Big Lake, Minn. police send out warning after Facebook post falsely accuses man of being a ‘creeper’

A warning post shared on a community Facebook page labeled a man who has lived in Big Lake, Minnesota for 50 years as a pervert for something he didn’t do.

Earlier this week Roger Stang was on his way to his son’s new house in Big Lake when he got lost. He pulled over in a neighborhood to call his son and ask for directions. Little did he know, someone nearby felt threatened, took a picture of his truck and posted it to Facebook accusing him of being a “creeper.” 

This post to a Facebook group warned the neighborhood about Roger Stang. But Stang says he had gotten lost and was trying to figure out where he was.

Stang said he doesn’t have a Facebook page so he didn’t know that the post, which showed a picture of his distinctive pickup truck and license plate, had been making the rounds on social media.

He said when he stopped at a gas station someone there called him a pervert. Stang said he was confused about why but brushed it off. 

Later, Big Lake Police contacted him and told him about the post that had been going around. Stang said he was mortified. 

“It sucks to have them do that to you when you didn’t do nothing wrong, to get accused of it,” Stang said. 

Big Lake Police Chief Joel Scharf said the department was not notified of the incident that the woman had posted about. He said he only learned about it after the post circulated on Facebook and someone called the department asking for follow-up information.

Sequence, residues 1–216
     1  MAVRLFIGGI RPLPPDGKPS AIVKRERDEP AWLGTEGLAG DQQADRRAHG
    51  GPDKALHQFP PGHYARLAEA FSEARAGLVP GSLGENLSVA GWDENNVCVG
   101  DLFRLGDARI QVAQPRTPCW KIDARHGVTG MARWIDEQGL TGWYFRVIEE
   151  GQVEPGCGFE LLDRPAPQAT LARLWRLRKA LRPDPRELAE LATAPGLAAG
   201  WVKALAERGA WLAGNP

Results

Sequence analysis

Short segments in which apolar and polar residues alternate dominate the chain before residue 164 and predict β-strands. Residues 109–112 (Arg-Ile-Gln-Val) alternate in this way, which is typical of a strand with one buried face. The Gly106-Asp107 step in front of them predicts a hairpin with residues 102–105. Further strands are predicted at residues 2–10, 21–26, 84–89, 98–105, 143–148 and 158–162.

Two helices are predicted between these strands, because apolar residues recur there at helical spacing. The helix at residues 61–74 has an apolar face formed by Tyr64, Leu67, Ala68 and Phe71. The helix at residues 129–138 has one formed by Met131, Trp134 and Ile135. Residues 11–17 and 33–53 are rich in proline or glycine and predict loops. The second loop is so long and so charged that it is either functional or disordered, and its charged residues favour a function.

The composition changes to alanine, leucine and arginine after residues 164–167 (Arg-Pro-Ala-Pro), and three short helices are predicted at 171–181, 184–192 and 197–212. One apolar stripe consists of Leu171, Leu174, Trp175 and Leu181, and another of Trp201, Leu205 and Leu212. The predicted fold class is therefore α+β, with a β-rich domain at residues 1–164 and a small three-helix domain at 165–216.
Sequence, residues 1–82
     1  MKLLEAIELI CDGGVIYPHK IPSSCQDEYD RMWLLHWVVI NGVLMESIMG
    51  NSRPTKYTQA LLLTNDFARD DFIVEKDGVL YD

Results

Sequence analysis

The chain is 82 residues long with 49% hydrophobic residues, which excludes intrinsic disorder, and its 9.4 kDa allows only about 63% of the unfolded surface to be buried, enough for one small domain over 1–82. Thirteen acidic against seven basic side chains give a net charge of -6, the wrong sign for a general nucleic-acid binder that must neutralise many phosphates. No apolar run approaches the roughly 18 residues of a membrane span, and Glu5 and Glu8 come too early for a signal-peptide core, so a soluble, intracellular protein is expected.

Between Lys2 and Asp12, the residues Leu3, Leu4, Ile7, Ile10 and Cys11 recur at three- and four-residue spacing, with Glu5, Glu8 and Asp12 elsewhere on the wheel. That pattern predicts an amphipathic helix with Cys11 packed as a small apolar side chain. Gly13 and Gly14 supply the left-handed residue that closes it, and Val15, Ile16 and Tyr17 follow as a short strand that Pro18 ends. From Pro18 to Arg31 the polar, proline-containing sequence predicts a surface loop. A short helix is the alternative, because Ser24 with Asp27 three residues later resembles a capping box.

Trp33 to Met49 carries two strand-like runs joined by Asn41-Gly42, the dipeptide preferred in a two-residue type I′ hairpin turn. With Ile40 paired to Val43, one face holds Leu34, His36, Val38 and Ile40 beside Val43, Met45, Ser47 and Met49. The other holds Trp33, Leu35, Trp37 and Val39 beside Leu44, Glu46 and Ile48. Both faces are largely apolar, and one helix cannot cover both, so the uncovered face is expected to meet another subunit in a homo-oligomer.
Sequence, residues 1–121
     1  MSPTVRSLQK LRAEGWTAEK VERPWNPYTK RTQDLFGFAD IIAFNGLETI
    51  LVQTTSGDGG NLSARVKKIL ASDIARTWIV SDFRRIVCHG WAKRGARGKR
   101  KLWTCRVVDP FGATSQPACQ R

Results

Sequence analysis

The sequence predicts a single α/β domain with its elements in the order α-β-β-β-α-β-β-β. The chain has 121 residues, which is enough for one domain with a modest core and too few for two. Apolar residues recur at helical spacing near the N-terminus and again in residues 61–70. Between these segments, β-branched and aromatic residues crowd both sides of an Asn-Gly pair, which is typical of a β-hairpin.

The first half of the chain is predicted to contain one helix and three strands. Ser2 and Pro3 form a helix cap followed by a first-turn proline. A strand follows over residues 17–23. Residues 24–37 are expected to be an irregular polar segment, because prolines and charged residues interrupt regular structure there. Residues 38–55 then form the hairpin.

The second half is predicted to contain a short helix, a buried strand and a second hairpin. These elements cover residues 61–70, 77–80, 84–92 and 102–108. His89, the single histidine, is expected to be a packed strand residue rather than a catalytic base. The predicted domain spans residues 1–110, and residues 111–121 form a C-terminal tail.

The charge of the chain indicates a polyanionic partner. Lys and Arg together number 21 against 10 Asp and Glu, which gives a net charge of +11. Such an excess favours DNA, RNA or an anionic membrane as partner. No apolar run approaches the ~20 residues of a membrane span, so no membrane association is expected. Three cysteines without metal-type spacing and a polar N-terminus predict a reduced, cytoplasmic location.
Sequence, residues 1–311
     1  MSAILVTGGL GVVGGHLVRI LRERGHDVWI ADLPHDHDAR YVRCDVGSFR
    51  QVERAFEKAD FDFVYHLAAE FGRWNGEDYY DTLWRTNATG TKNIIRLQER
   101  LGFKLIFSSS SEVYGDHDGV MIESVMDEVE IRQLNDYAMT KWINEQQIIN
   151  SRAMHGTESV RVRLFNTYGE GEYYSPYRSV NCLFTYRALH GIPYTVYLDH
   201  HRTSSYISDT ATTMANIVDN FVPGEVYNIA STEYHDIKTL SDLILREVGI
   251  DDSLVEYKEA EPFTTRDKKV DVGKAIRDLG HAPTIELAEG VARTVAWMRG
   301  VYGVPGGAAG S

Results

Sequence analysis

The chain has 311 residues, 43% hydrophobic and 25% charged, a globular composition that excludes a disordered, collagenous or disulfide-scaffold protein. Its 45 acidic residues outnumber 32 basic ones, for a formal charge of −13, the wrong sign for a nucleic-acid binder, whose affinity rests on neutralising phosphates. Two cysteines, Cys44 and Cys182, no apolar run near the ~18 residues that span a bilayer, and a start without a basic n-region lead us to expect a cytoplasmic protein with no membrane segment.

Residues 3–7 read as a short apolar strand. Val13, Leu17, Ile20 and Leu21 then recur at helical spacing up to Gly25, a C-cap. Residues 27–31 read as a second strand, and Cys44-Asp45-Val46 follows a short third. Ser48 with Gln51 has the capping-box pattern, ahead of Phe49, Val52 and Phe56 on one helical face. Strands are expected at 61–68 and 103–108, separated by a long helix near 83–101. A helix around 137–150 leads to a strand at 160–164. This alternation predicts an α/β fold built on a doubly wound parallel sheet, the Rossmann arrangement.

“I had done some checking though some of our rosters and there had never been a complaint, dispatch did not have any calls,” Chief Scharf said.

Chief Scharf said when he finally saw the post he ran the license plate in the photo and learned Stang was behind the wheel of the truck in the photo. 

“He’s just kind of a staple of the community so you know he’s innocent,” Chief Scharf said.

So Chief Scharf took a screenshot of the post and shared it on the Big Lake Police Department with a message about the dangers of accusing people of crimes on social media. 

“I hope the takeaway is please contact law enforcement when you see these things and let us be the judge if there’s something out of place or something incorrect in what’s going on,” Chief Scharf said. 

It’s advice Stang is hoping people in this community, and around the world, take to heart. 

“At least maybe this will bring attention to some people not to do this stuff because people do have feelings and do get hurt.” Stang said